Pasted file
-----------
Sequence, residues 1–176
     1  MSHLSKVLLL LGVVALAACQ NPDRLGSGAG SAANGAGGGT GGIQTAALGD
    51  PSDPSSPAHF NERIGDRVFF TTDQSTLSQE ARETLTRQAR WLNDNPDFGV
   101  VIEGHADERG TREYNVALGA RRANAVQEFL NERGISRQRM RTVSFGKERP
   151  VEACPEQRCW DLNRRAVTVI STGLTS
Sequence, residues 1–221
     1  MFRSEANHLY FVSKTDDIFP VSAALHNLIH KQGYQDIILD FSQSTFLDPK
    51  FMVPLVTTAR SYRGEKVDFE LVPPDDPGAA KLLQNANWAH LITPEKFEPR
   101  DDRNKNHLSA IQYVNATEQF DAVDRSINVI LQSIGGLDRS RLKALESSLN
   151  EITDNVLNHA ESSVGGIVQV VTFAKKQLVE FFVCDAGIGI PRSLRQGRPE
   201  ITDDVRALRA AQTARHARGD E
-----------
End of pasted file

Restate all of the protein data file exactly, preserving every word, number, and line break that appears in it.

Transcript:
Sequence, residues 1–176
     1  MSHLSKVLLL LGVVALAACQ NPDRLGSGAG SAANGAGGGT GGIQTAALGD
    51  PSDPSSPAHF NERIGDRVFF TTDQSTLSQE ARETLTRQAR WLNDNPDFGV
   101  VIEGHADERG TREYNVALGA RRANAVQEFL NERGISRQRM RTVSFGKERP
   151  VEACPEQRCW DLNRRAVTVI STGLTS
Sequence, residues 1–221
     1  MFRSEANHLY FVSKTDDIFP VSAALHNLIH KQGYQDIILD FSQSTFLDPK
    51  FMVPLVTTAR SYRGEKVDFE LVPPDDPGAA KLLQNANWAH LITPEKFEPR
   101  DDRNKNHLSA IQYVNATEQF DAVDRSINVI LQSIGGLDRS RLKALESSLN
   151  EITDNVLNHA ESSVGGIVQV VTFAKKQLVE FFVCDAGIGI PRSLRQGRPE
   201  ITDDVRALRA AQTARHARGD E